Helping with the comic feel is the use of recurring and returning characters. Officers Murphy (Biff Manard) and Bellows (Vito D’Ambrosio) appear at crime scenes that the Flash zips through. The Nightshade (Jason Bernard), Central City’s protector in the 50s, makes two appearances, as does Pike and the Trickster. Private investigator Megan Lockheart (Joyce Hyser) gets involved in a couple of the Flash’s adventures as both help and hindrance. There’s a feel that there’s a bigger world beyond just Barry.
The series also makes nods to what has come before. Streets and places are named after influences, including Carmine Infantino, Ray Bradbury, and Robert Heinlein. One street is named after Jay Garrick. The Flash is open about its origins and nature and doesn’t pretend to be anything else but a superhero police procedural.
The Flash may have been ahead of its time. The superhero boom is a product of the New Teens as special effects and CGI became more commonplace. Being the front runner means that building an audience is more difficult, especially when the show is placed up against two powerhourses, The Cosby Show and The Simpsons. The competition may have limited the audience for The Flash at a time when no one was looking at time-shifted viewing through videotape. As an adaptation, the series was ambitious, trying to bring a comic book look without going full camp, something some later series have been trying to duplicate. The Flash may not be accurate, but it does capture the tone of the character and his comic.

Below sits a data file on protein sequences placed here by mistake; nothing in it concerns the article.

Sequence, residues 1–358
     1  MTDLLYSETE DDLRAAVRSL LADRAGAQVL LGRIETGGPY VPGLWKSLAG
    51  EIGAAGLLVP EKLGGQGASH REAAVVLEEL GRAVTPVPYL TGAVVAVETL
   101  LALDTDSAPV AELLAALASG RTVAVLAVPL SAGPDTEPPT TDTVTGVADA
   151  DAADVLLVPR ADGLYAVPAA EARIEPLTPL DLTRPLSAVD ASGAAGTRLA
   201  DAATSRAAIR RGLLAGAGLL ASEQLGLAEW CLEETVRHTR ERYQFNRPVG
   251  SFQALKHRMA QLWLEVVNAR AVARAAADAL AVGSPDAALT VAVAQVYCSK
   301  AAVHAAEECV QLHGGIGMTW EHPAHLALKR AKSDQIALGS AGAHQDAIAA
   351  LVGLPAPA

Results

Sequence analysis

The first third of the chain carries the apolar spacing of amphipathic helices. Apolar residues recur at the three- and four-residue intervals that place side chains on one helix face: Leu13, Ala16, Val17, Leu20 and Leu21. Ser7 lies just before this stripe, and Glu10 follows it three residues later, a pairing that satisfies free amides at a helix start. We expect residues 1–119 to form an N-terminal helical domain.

Two announcements got the hackles of fans riled up this past week. First, NBCUniversal announced a new Battlestar Galactica series for their new streaming service, Peacock. The other was a remake of The Princess Bride, via Variety.
Let’s start with the latter. Norman Lear, who produced The Princess Bride, is still active and has a vast library of works that he’s considering for remakes. The new One Day At a Time is just the beginning. However, Variety’s story says that there are people who want to remake the movie, not that there is a remake coming. However, the backlash already from the potential remake shows how fraught adaptation can be. The Princess Bride was released in 1987, over thirty years ago. Thirty years is about how long it used to be between remakes. The difference today is that the originals or most loved versions can be found on DVD, Blu-Ray, streaming, and reruns. The Princess Bride is also a beloved film; it touches the heart while being a fond parody of fantasy. When a fan wants to watch The Princess Bride, it’s not difficult to find the original and introduce new people to the movie. A remake doesn’t have a reason to exist.
Which brings us to the new Battlestar Galactica series. The most recent reboot series ran from 2004 to 2010, so not even out of recent memory. That series came about 25 years after the original first aired, again, a generation later. The 2004 series was a critical success, with tight writing and characters who were far too human. The problem is that a new /Galactica/ series is coming far too soon. The intended audience still remembers watching the 2004 series first run.